Almost every day

1 (20)

4 (80)

Reference

Animal meat (other than chicken) intake frequency - Nil

296 (35)

556 (65)

0.93 (0.17–5.15)

0.94

2–4 days in a month

93 (40)

137 (60)

0.73 (0.13–4.10)

0.72

2–3 days in week

1 (50)

1 (50)

0.50 (0.50–12.89)

0.67

Almost every day

2 (33)

4 (67)

Reference

Milk intake frequency - Nil

66 (34)

126 (66)

0.88 (0.58–1.32)

0.53

2–4 days in a month

217 (37)

361 (63)

0.78 (0.56–1.08)

0.13

2–3 days in week

35 (40)

53 (60)

0.70 (0.42–1.17)

0.18

Almost every day

74 (32)

158 (68)

Reference

Fruits intake frequency - Nil

68 (38)

109 (62)

0.49 (0.18–1.28)

0.14

2–4 days in a month

276 (36)

495 (64)

0.53 (0.21–1.34)

0.18

2–3 days in week

42 (36)

74 (64)

0.53 (0.20–1.43)

0.21

Almost every day

6 (23)

20 (77)

Reference

Germinated gram intake frequency - Nil

312 (36)

546 (64)

0.41 (0.15–1.11)

0.08

2–4 days in a month

54 (39)

85 (61)

0.37 (0.13–1.06)

0.06

2–3 days in week

21 (31)

46 (69)

0.49 (0.16–1.49)

0.21

Almost every day

5 (19)

21 (81)

Reference

Drinking water storage in wide mouth container

291 (36)

524 (64)

0.95 (0.72–1.27)

0.95

Drinking water storage in narrow mouth container

101 (37)

174 (63)

Reference

Draw drinking water by dipping a pot in water storage vessels

9 (53)

8 (47)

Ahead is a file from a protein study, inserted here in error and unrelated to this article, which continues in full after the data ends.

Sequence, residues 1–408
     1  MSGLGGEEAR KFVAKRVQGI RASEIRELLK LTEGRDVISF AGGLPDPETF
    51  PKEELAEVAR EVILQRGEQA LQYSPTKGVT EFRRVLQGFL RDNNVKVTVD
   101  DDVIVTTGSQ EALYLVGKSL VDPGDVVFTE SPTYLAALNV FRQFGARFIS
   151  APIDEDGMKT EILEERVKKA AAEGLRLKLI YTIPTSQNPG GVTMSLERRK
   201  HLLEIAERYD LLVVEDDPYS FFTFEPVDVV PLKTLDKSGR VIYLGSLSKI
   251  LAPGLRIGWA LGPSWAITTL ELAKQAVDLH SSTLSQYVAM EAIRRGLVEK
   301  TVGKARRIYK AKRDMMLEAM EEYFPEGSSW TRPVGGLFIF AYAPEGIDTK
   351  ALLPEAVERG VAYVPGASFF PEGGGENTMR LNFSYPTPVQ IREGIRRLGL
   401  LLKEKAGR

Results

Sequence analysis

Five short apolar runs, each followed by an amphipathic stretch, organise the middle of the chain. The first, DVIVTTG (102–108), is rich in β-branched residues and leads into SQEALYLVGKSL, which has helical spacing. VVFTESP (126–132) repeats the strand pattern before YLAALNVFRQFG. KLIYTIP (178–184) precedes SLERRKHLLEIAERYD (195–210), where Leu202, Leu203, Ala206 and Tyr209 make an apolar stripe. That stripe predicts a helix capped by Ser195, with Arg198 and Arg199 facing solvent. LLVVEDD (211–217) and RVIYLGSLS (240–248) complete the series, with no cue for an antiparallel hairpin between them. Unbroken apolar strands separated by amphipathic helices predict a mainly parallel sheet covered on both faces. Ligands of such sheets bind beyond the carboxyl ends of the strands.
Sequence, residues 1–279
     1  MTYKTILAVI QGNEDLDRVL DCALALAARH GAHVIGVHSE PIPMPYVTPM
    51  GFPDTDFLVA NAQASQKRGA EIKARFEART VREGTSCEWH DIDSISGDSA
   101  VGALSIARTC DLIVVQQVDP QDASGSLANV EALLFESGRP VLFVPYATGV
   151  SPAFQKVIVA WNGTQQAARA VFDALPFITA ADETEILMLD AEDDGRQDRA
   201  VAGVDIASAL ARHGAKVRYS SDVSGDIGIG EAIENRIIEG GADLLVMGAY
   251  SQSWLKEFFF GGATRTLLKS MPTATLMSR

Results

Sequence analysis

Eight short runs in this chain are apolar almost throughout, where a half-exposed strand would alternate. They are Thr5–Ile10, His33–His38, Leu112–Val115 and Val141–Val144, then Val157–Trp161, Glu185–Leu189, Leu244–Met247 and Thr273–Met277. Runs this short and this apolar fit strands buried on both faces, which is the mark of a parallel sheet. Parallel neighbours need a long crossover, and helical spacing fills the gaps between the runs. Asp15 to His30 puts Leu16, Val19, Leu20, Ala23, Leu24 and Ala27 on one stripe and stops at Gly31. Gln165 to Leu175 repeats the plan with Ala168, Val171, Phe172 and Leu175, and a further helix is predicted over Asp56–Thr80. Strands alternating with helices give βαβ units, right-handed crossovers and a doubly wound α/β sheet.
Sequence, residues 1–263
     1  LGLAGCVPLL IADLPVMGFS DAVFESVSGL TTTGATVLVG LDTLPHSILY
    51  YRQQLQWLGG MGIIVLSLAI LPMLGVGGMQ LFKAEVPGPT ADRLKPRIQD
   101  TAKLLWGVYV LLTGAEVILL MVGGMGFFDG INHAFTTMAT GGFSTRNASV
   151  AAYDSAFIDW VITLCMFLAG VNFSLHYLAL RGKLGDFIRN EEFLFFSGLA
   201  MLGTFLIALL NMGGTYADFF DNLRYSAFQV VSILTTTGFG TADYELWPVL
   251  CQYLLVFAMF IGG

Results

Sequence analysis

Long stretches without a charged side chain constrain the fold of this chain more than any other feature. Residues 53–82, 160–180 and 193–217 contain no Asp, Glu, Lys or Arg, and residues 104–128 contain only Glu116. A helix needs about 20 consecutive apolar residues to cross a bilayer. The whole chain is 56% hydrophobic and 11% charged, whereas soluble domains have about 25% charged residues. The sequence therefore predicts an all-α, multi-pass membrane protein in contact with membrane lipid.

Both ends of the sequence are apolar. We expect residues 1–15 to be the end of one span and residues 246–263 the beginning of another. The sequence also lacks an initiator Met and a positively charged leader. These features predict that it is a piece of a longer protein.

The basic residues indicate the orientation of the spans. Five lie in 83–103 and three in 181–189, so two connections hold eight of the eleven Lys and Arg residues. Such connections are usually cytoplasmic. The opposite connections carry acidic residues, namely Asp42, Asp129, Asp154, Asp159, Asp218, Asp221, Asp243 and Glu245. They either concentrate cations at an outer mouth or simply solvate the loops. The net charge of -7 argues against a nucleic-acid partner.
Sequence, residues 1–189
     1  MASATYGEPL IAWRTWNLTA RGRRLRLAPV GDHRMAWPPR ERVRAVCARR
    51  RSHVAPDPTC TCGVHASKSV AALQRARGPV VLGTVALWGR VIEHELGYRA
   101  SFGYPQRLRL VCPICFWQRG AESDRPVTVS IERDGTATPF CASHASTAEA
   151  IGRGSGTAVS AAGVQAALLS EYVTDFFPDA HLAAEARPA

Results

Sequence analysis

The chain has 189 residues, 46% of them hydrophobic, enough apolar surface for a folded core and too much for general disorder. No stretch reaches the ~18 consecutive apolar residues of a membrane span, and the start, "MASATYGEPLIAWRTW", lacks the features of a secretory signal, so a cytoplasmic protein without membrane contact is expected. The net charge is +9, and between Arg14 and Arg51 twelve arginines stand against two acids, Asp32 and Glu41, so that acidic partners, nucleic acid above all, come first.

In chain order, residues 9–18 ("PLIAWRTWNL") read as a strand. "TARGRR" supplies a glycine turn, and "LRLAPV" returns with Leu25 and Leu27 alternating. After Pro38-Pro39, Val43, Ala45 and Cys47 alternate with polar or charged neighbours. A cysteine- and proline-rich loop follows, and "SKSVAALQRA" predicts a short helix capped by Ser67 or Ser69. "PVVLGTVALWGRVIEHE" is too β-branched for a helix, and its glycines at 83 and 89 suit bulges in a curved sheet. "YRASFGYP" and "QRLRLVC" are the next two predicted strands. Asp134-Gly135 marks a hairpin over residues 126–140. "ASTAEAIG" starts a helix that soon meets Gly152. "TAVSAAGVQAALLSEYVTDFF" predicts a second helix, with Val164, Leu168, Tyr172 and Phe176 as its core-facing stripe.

0.49 (0.18–1.28)

0.14

Draw drinking water by pouring water from storage vessels

383 (36)

690 (64)

Reference

Pond/Well/ other water used for washing utensils

329 (36)

573 (63)

0.88 (0.63–1.22)

0.44

Tubewell/Piped water used for washing utensils

63 (34)

125 (66)

Reference

 

Open air defecation

208 (34)

396 (66)

1.16 (0.91–1.49)

0.24

Use Sanitary toilet/Pakka toilet

184 (38)

302 (62)

Reference

Used water/mud/ash for washing hand after defecation

155 (35)

282 (65)

1.037 (0.80–1.33)

0.78

Use soap for hand wash after defecation

237 (36)

416 (64)

Reference

Does not use any contraceptive method for family planning

93 (30)

220 (70)

2.02 (1.50–2.78)

<0.001

Contraceptive method apart from Oral pills

93 (28)

240 (72)

2.23 (1.64–3.02)

<0.001

Oral pills contraceptive method used for family planning

206 (46)

238 (54)

Reference

Health of women

Sixty percent pregnant (33/55) and 64 % non-pregnant women (698/1090) were anaemic; 24 % (266/1090) of the non-pregnant women had lower than normal BMI. One fourth of the non-pregnant anaemic women had hypochromic microcytic red blood cells (mean corpuscular volume <81 fl) indicating a probable state of iron deficiency.